Volume Control: How to Stop Your Dog from Barking
Barking is a natural form of communication for dogs. A quick yap or a loving woof can go a long way toward helping you understand your furry friend. However, excessive barking can be a serious issue for both you and your neighbors. Here’s what you need to know about breaking these habits and how you can stop unwanted barking.
3 Reasons Why Dogs Bark
Before you train your dog not to bark, it’s important to understand that barking itself is not inherently bad. There are plenty of good reasons why your buddy may bark, whether he’s happy to see you or is revved up from a good game of fetch. Ultimately, it’s up to you to determine if your dog is simply expressing himself or if his communication is a bit excessive.
If you feel like your dog is barking way more than he should, the first step is to try and understand why your dog is barking. Various motivations can impact how to try and problem solve this behavior. According to Professional Animal Trainer and TV Show Host Joel Silverman, there are three main motivations for barking:
There are a couple reasons why it’s important to understand your dog’s motivation to bark. First, it will help you know which route to take to problem solve his excessive barking. Second, certain motivations may need professional assistance. Excitement and fear are very natural motivations for barking. Whether your buddy barks because he’s about to be fed or a stranger is approaching, you can handle the process yourself.
Unfortunately, barks caused by aggression are a different story. While a dog barking at an unwanted visitor may be fine, it’s not okay for a dog to cry out because he’s overly defensive while on a leash. Other dogs may start resource guarding, which could lead them to bark and be aggressive when people walk near their food or other objects. Regardless of the reason, Silverman suggests turning to an expert to help stop such aggressive behaviors.
“If your dog is barking out of aggression, it’s really important to bring in a professional who deals with aggression,” Silverman says. “You want someone who spends his or her living dealing with aggression and have worked with dogs.”
How to Prevent Excessive Barking
While aggression may require professional assistance, there are three potential methods you can take to deal with excessive barking caused by excitement or fear:
In short, prevention is the process of not giving your dog the opportunity to be in a situation where he would bark. For example, a Jack Russell Terrier may stand on the back of a couch to look out the window and bark at people. If you don’t give him the opportunity to stand on that couch, he won’t be able to see the random pedestrians that cause him to yell.
There are a few ways to help practice prevention. In the case of the Jack Russell, it could be as simple as moving the couch or closing the door to that room so the dog can’t see out that window. Crate training is also a viable option to prevent behaviors when you’re not at home.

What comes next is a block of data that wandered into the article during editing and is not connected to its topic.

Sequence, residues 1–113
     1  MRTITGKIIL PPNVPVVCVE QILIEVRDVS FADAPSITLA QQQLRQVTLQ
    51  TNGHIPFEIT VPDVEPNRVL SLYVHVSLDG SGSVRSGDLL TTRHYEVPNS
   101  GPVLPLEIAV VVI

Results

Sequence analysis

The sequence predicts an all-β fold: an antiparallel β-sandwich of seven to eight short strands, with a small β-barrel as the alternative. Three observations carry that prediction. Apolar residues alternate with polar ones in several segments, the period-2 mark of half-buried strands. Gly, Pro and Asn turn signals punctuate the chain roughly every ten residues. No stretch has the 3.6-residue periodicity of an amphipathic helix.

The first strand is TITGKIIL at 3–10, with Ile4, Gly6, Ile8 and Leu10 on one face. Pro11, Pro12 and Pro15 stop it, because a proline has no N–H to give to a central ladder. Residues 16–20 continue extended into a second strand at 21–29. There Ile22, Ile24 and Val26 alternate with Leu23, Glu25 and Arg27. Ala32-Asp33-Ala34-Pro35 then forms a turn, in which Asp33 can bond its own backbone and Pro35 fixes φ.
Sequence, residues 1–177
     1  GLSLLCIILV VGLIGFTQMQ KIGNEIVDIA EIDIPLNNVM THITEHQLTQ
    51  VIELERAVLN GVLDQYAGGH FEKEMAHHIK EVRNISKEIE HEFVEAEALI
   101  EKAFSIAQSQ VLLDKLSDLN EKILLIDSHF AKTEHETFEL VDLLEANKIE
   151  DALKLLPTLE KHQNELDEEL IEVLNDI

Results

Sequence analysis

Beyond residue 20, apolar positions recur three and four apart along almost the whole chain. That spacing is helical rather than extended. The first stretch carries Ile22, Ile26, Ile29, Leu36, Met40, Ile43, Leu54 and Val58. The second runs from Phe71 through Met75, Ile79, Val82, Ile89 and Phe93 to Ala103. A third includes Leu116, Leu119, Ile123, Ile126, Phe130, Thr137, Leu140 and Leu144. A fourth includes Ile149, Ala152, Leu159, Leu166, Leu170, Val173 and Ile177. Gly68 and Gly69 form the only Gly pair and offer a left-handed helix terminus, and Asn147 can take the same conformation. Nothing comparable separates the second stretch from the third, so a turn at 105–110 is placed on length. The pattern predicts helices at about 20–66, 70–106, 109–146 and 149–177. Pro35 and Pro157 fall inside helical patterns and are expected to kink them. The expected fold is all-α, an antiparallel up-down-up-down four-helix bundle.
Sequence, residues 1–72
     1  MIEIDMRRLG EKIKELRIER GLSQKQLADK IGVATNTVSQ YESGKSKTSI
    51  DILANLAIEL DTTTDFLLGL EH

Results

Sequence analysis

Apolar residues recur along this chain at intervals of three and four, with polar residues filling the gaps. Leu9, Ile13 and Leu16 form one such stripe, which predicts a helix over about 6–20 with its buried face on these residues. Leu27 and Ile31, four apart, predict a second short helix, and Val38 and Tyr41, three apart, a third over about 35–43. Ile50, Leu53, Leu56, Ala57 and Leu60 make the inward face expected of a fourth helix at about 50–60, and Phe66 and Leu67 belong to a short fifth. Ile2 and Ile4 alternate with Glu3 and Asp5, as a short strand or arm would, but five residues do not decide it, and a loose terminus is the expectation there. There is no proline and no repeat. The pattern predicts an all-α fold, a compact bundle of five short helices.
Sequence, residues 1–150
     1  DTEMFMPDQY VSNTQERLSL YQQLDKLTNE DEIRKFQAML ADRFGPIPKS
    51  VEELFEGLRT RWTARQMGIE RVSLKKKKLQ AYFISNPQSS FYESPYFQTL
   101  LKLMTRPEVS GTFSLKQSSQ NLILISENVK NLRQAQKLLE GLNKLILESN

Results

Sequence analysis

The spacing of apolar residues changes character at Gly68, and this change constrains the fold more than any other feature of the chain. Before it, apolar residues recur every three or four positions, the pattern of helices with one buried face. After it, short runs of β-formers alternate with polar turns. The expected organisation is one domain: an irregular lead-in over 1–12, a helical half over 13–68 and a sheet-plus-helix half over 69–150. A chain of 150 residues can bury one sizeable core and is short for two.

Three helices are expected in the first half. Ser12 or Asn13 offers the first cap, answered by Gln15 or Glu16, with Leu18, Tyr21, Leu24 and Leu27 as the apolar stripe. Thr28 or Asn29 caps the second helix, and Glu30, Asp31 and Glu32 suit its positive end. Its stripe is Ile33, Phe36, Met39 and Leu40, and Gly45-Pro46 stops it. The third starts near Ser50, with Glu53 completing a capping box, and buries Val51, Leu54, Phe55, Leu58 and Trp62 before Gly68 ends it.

While the goal of prevention is to not give the dog the opportunity to bark, redirection involves teaching your dog to focus on something else instead of what causes him to bark. For example, your dog may have a habit of barking at people who walk or run by you when he’s on a leash. In this instance, you’d want to use something to attract his attention, like a Bil-Jac Dog Treat, and reward the dog right before your furry friend starts barking.
“If you know your dog will get scared, verbally get his attention and let him focus on the treat,” Silverman explains. “It’s all about preparing for that situation and redirecting his focus before he barks. If he gets afraid, barks, and then you reward him, you’re rewarding him for barking, so you need to be quick.”
After enough redirection, your dog will begin to associate that initial trigger – whether it’s a random person, feeding time, or something else – with the reward. Redirection also works very well with preventative training so that you can help limit your dog’s urge to bark for when you’re both with your furry friend and away from him.
Another method to stop excessive barking is to find another way to interrupt the behavior. As with other bad behaviors, letting your dog complete the behavior is reinforcement because the action itself is a reward.
“There are times when what you’re using to redirect the dog is not greater than the dog’s desire to bark out of fear or excitement,” Silverman says. “You need to find a way to interrupt behaviors to correct him when he starts to bark.”
The way you can do this is to put a leash on the dog’s collar ahead of certain situations where he may bark. For example, if a dog gets excited when people come over, you can put the dog on a leash before you open the door. Now you have control over the situation. If redirection doesn’t work, you can gently pull the dog back and say “no” or “quiet” if your dog were to bark.
Besting Bad Barking Behaviors with Your Buddy
A nice bark every now and again is fine, but it’s important that you and your dog work together to make sure he understands that a little peace and quiet is a good thing. Want to learn about other ways you can help train and support your furry friend? Join our Best Friends Club today to receive our exclusive email newsletter full of educational articles and members-only discounts on Bil-Jac dog food, treats, and other products.